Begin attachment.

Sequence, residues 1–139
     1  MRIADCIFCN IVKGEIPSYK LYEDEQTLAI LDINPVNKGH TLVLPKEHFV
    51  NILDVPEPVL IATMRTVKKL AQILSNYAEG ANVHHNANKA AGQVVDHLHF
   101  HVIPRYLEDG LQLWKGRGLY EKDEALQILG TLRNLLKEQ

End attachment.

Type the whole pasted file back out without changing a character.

Sequence, residues 1–139
     1  MRIADCIFCN IVKGEIPSYK LYEDEQTLAI LDINPVNKGH TLVLPKEHFV
    51  NILDVPEPVL IATMRTVKKL AQILSNYAEG ANVHHNANKA AGQVVDHLHF
   101  HVIPRYLEDG LQLWKGRGLY EKDEALQILG TLRNLLKEQ